A Potentially Very Dangerous Situation
One of the trends that we have seen over the past couple of years is string lights, also referred to as bistro lighting or market lighting. While most agree that they are a very good look and provide just enough accent lighting in most situations, most of these lights are 120 volts, which should never be used over a swimming pool due to electrocution dangers. Obviously, electricity and water are not a good mix.
Pool pumps and underwater pool lighting have been designed with multiple safety devices to keep pools safe, but string lights have not. According to Terry Poeschl of Terry Poeschl Electric, Inc. of Denton, who is a Master Electrician, the danger is extremely high. He said, “This is one of the most dangerous trends that I have seen in my 30 years of being an electrician. I highly recommend that all of these lights be low voltage (30 volts or less) to reduce the risk of electrocution.”
Typically it is one of the following situations:
String lights plugged into a non-GFCI protected outlet
This is the worst situation of all. Most of these lights are 120 volts and if they are not plugged into a GFCI (Ground Fault Circuit Interrupter) protected outlet, they are extremely dangerous. If one of these string lights falls into the pool, the risk of electrical shock for pool users is probable.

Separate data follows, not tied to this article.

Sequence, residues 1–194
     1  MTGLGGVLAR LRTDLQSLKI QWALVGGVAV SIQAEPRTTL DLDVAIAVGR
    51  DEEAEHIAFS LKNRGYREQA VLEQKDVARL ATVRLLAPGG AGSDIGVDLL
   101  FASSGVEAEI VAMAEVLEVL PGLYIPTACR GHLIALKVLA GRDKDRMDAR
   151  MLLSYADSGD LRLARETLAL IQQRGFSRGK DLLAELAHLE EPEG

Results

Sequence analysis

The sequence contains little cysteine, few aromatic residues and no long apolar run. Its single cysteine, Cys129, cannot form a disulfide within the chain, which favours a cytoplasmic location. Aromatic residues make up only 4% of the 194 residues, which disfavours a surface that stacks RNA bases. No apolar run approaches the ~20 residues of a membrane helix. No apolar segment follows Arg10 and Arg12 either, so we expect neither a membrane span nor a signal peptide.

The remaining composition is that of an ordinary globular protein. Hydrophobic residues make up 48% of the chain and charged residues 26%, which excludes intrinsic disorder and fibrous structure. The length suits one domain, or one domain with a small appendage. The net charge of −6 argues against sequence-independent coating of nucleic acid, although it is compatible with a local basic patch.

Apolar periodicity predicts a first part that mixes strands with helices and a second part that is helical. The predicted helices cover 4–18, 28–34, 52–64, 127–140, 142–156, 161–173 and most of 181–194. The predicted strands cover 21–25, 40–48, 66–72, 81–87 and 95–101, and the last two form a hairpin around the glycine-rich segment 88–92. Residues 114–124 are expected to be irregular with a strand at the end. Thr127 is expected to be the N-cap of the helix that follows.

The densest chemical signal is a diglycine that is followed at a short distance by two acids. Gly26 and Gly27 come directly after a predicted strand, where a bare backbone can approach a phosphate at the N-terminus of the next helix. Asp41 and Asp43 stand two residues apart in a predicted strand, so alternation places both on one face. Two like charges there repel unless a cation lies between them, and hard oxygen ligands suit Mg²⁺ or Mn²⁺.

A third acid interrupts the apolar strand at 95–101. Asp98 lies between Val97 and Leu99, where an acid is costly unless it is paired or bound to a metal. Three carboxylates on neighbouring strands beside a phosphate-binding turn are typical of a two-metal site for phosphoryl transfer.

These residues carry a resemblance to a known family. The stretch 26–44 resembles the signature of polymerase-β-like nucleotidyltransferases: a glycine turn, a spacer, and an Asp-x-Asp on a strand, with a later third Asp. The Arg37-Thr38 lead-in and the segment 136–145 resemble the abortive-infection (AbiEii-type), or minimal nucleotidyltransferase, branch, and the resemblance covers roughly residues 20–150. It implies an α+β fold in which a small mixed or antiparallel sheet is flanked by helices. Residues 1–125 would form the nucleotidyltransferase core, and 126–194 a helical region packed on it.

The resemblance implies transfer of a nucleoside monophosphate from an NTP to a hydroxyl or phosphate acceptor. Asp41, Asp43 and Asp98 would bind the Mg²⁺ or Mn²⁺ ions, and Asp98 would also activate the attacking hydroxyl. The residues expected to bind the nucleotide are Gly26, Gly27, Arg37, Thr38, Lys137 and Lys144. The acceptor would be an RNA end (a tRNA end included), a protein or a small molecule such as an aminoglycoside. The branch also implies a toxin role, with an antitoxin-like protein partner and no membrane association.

String lights plugged into a GFCI protected outlet
If these lights are plugged into a GFCI outlet, they can still be very dangerous. While GFCI’s are reliable, like any other mechanical device, they can eventually fail. If one of these string lights falls into the pool and the GFCI is not working, the risk of electrical shock for pool users is probable.
There are some low voltage string lights available, which are safe if they are installed properly and according to code.
Other electrical code relating to pools that you should be aware of:
- All outside plugs in the pool area should be GFCI protected.
- There should be no plugs within 6’ of the pool water.
- We recommend that there be no high voltage (over 30 volts) lights over the pool.
(The electrical code actually requires 12’ clearance from the water’s surface and that they be permanently affixed).
This is not meant to be a complete electrical safety list, just a basic review. You might consider having a licensed electrician (who is experienced with swimming pools) do a checkup on your pool.
In conclusion, 120 volt string lights over or near water are a very bad idea. If you have them over or near water, please remove them immediately and look for other ways to light your pool area that is much safer for you and your family.